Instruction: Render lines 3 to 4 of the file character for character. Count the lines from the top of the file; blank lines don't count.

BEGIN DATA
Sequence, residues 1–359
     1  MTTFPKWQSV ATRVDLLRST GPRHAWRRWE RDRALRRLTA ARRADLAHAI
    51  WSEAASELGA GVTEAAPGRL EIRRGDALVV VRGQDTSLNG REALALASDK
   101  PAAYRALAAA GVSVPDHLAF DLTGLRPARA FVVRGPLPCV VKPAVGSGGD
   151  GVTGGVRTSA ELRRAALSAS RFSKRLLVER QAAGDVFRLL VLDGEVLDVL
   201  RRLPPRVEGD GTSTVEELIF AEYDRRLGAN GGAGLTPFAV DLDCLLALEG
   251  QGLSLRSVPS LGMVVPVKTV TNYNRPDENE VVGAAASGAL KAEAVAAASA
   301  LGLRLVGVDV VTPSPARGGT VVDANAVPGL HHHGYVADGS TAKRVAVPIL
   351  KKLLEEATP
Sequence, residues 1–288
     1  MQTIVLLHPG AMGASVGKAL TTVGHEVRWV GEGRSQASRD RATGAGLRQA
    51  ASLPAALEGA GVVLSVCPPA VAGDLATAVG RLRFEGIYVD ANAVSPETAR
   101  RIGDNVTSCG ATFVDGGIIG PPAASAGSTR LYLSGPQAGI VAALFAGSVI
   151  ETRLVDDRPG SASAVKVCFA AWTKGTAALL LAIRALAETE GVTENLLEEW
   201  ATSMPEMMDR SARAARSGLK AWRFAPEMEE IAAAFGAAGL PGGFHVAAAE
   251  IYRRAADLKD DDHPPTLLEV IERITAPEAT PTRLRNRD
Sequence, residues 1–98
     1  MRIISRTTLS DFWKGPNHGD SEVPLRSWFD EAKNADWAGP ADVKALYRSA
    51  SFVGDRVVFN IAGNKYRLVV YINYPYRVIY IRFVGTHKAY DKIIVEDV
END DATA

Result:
    51  WSEAASELGA GVTEAAPGRL EIRRGDALVV VRGQDTSLNG REALALASDK
   101  PAAYRALAAA GVSVPDHLAF DLTGLRPARA FVVRGPLPCV VKPAVGSGGD